Canada invokes pipeline treaty to prevent shutdown of Enbridge oil system

The Canadian government has invoked an international treaty with the United States to avoid possible distribution of Enbridge Inc.’s Line 5 pipeline in the latest chapter of a tribal lawsuit against the company.

Federal Foreign Minister Melanie Joly activated the Pipeline Transit Treaty of 1977 to enforce the treaty’s prohibition against agencies of either country “obstructing, diverting, redirecting or interfering with any way with the transmission of hydrocarbons in transit”.

Joly cited “serious concerns about the possible closure of Line 5,” a 540,000 bpd international oil pipeline serving Ontario and Quebec, as well as markets in the U.S. Midwest. Since 2019, the Bad River LaPointe Band of the Lake Superior Tribe of Chippewa Indians has been waging a legal battle over the section of pipeline that crosses their recognized lands in northern Wisconsin.

In its lawsuit, the tribe argues that pipeline easements granted by previous tribal governments expired in 2013, turning Line 5 into “unlawful possession of the lands in question and an intentional and continuing trespass thereon.”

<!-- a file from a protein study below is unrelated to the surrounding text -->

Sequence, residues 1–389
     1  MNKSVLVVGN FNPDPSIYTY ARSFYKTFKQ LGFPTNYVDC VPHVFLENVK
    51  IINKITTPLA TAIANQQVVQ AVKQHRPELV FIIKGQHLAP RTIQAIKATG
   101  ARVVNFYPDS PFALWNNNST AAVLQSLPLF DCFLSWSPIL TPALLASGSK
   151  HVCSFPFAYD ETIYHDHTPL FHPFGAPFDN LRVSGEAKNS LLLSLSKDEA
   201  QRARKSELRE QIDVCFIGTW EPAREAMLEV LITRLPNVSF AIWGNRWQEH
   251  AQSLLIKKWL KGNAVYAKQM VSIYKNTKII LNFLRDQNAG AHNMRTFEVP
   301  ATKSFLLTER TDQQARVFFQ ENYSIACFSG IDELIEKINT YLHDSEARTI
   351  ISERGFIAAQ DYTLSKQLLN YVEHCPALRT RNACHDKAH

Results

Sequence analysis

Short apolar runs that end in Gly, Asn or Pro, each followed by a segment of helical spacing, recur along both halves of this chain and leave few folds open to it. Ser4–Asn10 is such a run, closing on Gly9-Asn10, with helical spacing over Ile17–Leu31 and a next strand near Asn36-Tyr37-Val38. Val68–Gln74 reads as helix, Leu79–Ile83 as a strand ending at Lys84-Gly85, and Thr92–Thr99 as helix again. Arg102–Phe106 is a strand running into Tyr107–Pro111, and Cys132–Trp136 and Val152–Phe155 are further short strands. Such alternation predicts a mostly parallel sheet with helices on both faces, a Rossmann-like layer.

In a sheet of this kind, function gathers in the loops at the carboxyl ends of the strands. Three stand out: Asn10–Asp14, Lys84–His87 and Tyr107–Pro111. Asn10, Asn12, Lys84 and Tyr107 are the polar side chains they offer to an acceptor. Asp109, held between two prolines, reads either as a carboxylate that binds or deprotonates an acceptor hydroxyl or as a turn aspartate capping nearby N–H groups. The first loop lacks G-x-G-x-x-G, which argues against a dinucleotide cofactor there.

The Canadian decision follows a recent request by the tribe for an immediate injunction from the U.S. District Court to halt deliveries of Line 5 for 12 miles through its territory while its Indigenous rights case for pipe removal is heard. .

Tribal leaders also call the pipeline a threat to the Great Lakes, echoing environmental warnings from the Michigan state executive, where the Canadian government has also invoked the pipeline treaty to protect Enbridge’s oil service. .

The tribe filed the lawsuit after unsuccessfully seeking $45 million in compensation for Line 5’s past operations and its closure. Enbridge offered $30 million and an end to oil flow through the reservation after building a 41-mile pipeline detour around the reservation.

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Closing Line 5 without a replacement would have “domino effects,” Joly said, affecting thousands of jobs in Canada.

“The closure could have a major impact on a number of communities on both sides of the border who depend on the wellbeing of businesses throughout the supply chain.”

Joly said the Canadian government is “strongly supportive” of Enbridge’s Line 5 detour.

“In the upcoming negotiations with the United States under the treaty, Canada is committed to working constructively to find a solution that meets the interests of the communities, respects Canada’s rights under the treaty and ensures the continuous and secure supply of energy to central Canada,” said Joly.

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